Cybercriminals Spoof Every Major UK Bank, Masquerade as Branded Customer Service Twitter Accounts

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We last wrote about angler phishing social media scams this summer when hackers used fake social media accounts to target PayPal customers and steal their credentials. This is a part of a growing threat as social media phishing grew more than 100% between Q2 and Q3 of 2016. And now we’re seeing a new series of attacks targeting customers of major UK banks.

Angler phishing is named after the anglerfish, which uses a glowing lure to bait and eat smaller fish. In this attack, the “lure” is a fake customer support account that tricks your customers into giving up credentials and other sensitive information.

Cyber criminals create convincing fake customer service accounts with a handle similar to your real customer support account. Then they wait for customers to reach out to your real account with a help request. When your customer tries to contact your brand, the criminal hijacks the conversation by responding with a bogus customer support link sent from the fake support page.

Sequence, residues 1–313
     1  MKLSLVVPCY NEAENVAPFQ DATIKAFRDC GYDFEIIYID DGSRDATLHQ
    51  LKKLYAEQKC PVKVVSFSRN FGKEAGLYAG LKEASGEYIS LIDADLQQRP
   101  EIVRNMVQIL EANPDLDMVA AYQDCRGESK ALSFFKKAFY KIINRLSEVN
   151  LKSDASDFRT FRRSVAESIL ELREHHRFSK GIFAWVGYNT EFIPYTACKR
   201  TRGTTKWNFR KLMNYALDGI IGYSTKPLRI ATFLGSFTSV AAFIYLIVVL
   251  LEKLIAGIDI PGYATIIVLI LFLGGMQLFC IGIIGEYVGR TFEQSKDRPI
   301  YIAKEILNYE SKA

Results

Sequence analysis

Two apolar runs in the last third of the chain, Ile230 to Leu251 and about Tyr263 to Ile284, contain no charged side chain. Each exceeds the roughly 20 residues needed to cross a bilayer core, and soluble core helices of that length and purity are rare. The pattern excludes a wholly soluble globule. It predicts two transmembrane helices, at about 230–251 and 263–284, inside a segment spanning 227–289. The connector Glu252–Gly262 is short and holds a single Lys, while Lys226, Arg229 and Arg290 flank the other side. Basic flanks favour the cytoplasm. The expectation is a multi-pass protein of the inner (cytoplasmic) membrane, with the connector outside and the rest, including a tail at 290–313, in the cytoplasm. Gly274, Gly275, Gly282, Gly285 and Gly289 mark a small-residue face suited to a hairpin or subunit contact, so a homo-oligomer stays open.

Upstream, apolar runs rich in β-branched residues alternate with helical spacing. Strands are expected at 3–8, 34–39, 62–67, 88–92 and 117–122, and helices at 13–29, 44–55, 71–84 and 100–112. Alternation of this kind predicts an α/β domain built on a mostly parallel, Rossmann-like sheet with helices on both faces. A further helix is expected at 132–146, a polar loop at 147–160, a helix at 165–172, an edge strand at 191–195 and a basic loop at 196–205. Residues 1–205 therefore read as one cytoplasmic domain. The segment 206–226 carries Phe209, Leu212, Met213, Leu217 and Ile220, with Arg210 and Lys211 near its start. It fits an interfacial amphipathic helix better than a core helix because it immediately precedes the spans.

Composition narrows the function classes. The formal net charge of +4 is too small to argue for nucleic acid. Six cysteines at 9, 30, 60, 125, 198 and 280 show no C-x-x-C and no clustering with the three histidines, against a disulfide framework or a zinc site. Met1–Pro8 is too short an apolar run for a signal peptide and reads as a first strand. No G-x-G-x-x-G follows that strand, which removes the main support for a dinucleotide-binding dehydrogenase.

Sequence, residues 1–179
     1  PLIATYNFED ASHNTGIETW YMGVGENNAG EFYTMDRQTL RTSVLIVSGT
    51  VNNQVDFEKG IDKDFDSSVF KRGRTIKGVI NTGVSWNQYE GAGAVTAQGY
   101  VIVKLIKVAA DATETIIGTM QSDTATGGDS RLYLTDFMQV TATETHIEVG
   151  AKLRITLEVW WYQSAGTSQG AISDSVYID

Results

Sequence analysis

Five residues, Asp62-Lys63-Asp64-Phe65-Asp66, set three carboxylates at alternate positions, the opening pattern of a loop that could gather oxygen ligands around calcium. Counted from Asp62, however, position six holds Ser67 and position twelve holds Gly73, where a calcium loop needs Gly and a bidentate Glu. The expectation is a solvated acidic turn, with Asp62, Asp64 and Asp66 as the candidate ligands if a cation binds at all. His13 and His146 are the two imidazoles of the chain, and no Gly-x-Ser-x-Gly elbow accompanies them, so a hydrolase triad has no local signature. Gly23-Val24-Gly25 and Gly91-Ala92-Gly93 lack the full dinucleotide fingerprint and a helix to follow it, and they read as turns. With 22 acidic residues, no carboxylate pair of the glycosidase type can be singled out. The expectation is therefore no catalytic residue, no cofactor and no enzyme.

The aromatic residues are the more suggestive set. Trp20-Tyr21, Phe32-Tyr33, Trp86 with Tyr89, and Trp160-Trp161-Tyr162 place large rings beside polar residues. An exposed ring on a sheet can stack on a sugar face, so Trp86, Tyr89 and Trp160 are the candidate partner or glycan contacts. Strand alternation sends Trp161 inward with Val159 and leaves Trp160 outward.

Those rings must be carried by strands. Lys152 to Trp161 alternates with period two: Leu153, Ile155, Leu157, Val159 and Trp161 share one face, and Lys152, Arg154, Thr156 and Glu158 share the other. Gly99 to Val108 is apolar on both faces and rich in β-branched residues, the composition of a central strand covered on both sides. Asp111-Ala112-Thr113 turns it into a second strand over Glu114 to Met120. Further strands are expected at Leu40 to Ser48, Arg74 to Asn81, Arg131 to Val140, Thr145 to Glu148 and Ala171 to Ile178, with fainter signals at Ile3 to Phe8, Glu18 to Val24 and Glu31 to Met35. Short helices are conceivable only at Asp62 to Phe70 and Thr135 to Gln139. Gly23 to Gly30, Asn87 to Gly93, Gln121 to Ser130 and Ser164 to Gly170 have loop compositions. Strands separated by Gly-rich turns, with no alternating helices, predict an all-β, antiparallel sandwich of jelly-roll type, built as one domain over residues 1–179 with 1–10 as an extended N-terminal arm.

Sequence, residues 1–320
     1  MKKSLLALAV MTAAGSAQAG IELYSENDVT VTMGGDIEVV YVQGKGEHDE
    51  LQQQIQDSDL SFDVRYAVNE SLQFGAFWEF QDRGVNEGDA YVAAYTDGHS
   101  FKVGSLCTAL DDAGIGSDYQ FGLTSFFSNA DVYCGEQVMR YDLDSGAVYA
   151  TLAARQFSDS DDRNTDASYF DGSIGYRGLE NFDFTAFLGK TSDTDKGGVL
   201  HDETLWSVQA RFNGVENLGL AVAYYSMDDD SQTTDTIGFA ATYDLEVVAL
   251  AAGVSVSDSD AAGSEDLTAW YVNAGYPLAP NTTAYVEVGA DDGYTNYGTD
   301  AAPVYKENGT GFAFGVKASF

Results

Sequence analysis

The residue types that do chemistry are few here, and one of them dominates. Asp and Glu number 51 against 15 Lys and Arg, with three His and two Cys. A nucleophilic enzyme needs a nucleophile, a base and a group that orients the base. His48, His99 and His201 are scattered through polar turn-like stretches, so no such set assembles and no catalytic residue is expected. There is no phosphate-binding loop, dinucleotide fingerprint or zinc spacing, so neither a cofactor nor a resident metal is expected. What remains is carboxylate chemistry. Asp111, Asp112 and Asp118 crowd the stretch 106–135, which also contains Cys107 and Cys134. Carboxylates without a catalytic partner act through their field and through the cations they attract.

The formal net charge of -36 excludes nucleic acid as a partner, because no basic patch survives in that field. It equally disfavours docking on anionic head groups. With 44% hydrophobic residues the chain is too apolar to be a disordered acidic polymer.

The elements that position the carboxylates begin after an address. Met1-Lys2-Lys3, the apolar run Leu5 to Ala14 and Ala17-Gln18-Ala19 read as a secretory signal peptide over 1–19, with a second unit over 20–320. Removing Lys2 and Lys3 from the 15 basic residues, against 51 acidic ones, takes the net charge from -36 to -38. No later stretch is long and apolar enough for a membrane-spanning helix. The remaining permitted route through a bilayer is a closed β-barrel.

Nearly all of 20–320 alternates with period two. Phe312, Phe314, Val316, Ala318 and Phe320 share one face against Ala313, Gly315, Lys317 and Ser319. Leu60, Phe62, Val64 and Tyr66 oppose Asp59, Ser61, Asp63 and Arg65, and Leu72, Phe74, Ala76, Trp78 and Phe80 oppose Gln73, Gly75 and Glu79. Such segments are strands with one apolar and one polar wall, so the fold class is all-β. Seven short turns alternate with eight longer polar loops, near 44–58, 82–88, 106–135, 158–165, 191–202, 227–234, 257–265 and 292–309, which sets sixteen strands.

In the example below, a customer tweets at the real Barclay’s handle, @BarclaysUKHelp asking for help with a student banking question. The response comes from a fake customer support account, @BarclaysHelpUK.

Interaction between a customer and a fraudulent customer support account.

The link in the fraudulent response leads to a lookalike login page intended to collect the customer’s online credentials.

Fake login page used as part of an angler phishing attack.

This method of phishing is highly effective because your customers are already expecting a response from your brand. Unfortunately, angler phishing is part of a broader trend in social media fraud. In our recent Social Media Brand Fraud Report, we discovered that 19% of social media accounts associated with ten top global brands are fake.

To learn more about how you can protect your customers and your brand from angler phishing, visit